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dc.contributor.authorYang, Zichaoen
dc.date.accessioned2021-04-27T08:00:19Zen
dc.date.available2021-04-27T08:00:19Zen
dc.date.issued2021-04-26en
dc.identifier.othervt_gsexam:30063en
dc.identifier.urihttp://hdl.handle.net/10919/103145en
dc.description.abstractThis paper has four chapters. The first chapter serves as an introduction. The second chapter studies the transaction fees in the bitcoin system. The transaction fees and transaction volume in the bitcoin system increase whenever the network is congested and results from a simple VAR show that it is indeed the case. To account for the empirical findings, we build a model where users and miners together determine the transaction fee and transaction volume endogenously. Even though the fluctuating transaction fee mechanism in bitcoin introduces the extra cost of uncertainty to users, a back-of-envelope calculation shows that the cost of using the bitcoin network for transactions is still smaller than the cost of using the current conventional payment system with a fix transaction fee rate. The second chapter studies the time-varying price dispersion among different bitcoin exchanges. We identify the sources of price dispersion using a standard time-varying vector autoregression model with stochastic volatility. The results show that shocks to transaction fees and bitcoin price growth explain on average 20%, and sometimes more than 60%, of the variation of price dispersion. The third chapter studies the relationship between connections and returns in the bitcoin investor network. Using transaction data from the bitcoin blockchain, we reach three conclusions. First, on average, the annualized returns of connected addresses in the network are 20.75% above those of their unconnected peers. Second, returns also differ among those connected addresses. By dividing the connected ad- dresses into ten deciles based on their centrality, we find that addresses in the two most-connected deciles earn higher returns than the other connected addresses. Third, eigenvector centrality is more related than degree centrality to higher returns, implying that quality of connections matters.en
dc.format.mediumETDen
dc.publisherVirginia Techen
dc.rightsIn Copyrighten
dc.rights.urihttp://rightsstatements.org/vocab/InC/1.0/en
dc.subjectBitcoinen
dc.subjectBlockchainen
dc.subjectNetworksen
dc.subjectTransaction Feesen
dc.subjectAsset Returnsen
dc.titleThe Economics of Cryptocurrenciesen
dc.typeDissertationen
dc.contributor.departmentNot founden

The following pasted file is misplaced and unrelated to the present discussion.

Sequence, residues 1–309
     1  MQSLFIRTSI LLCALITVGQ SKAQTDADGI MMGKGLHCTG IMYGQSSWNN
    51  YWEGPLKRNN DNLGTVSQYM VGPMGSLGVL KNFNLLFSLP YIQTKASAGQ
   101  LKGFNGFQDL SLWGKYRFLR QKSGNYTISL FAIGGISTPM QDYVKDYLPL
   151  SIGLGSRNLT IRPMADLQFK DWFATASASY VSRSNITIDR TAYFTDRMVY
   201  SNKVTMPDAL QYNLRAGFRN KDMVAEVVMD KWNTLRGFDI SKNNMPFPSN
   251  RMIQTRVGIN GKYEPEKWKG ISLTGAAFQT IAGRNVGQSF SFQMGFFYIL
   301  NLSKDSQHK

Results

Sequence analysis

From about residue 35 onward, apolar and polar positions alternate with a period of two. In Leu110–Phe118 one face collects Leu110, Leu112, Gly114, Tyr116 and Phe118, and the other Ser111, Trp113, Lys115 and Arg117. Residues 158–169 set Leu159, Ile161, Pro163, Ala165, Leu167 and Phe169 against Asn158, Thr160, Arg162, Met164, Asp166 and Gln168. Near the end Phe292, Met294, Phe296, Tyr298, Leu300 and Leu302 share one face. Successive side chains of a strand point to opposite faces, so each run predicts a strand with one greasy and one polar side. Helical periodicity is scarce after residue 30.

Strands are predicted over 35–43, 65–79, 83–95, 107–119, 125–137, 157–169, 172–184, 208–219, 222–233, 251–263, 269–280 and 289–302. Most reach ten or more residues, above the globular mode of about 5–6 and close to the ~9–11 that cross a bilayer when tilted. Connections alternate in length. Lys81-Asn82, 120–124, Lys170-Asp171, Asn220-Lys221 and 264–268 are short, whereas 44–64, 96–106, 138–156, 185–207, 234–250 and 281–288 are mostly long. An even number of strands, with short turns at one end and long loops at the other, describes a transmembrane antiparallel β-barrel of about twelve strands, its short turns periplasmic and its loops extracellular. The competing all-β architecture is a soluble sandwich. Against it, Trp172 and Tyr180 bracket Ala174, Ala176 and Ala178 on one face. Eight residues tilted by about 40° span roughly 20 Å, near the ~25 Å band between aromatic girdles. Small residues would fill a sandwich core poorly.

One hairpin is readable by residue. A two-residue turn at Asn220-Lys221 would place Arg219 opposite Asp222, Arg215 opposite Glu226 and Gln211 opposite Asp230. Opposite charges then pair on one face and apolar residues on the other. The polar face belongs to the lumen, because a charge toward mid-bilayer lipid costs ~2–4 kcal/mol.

dc.description.degreeDoctor of Philosophyen
thesis.degree.nameDoctor of Philosophyen
thesis.degree.leveldoctoralen
thesis.degree.grantorVirginia Polytechnic Institute and State Universityen
dc.contributor.committeechairTsang, Kwok Pingen
dc.contributor.committeechairSmith, Alexander Charlesen
dc.contributor.committeememberTserenjigmid, Gerelten
dc.contributor.committeememberPaye, Bradley Steeleen
dc.contributor.committeememberLuo, Shaowenen
dc.description.abstractgeneralThis paper has four chapters. The first chapter serves as an introduction. The second chapter studies the transaction fees in the bitcoin system. The transaction fees in the bitcoin system can fluctuate given the amount of unconfirmed transactions in the bitcoin network. Our results show that the transaction fees and transaction volume in the bitcoin system increase whenever the network is congested. To account for this findings, we build a model and show that users and miners together can determine the transaction fee and transaction volume. Even though the fluctuating transaction fee mechanism in bitcoin introduces the extra cost of uncertainty to users, a back-of- envelope calculation shows that the cost of using the bitcoin network for transactions is still smaller than the cost of using the current conventional payment system with a fix transaction fee rate. The second chapter studies the price dispersion among different bitcoin exchanges. Our results show that transaction fees and bitcoin price growth can be important explanatory factors for the price dispersion among different bitcoin exchanges. The third chapter studies the relationship between connections and returns in the bitcoin investor network. Using transaction data from the bitcoin blockchain, we reach three conclusions. First, on average, those connected addresses in the network earn higher returns than their unconnected peers. Second, returns also differ among those connected addresses. By dividing the connected addresses into ten groups based on their centrality, we find that addresses in the two most-connected groups earn higher returns than the other connected addresses. Third, eigenvector centrality, which measures the quality of connections, is more related than degree centrality, which measures the quantity of connections, to higher returns, implying that quality of connections matters.en


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